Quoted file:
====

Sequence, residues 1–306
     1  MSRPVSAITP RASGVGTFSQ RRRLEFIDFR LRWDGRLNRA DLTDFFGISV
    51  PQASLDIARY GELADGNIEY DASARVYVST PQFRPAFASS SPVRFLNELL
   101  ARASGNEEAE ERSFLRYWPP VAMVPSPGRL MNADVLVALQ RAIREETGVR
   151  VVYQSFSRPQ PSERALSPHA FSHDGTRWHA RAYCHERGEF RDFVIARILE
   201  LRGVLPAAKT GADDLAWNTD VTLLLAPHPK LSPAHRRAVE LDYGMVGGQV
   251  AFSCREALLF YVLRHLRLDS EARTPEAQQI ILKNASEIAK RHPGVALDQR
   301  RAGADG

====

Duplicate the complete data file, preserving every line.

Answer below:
Sequence, residues 1–306
     1  MSRPVSAITP RASGVGTFSQ RRRLEFIDFR LRWDGRLNRA DLTDFFGISV
    51  PQASLDIARY GELADGNIEY DASARVYVST PQFRPAFASS SPVRFLNELL
   101  ARASGNEEAE ERSFLRYWPP VAMVPSPGRL MNADVLVALQ RAIREETGVR
   151  VVYQSFSRPQ PSERALSPHA FSHDGTRWHA RAYCHERGEF RDFVIARILE
   201  LRGVLPAAKT GADDLAWNTD VTLLLAPHPK LSPAHRRAVE LDYGMVGGQV
   251  AFSCREALLF YVLRHLRLDS EARTPEAQQI ILKNASEIAK RHPGVALDQR
   301  RAGADG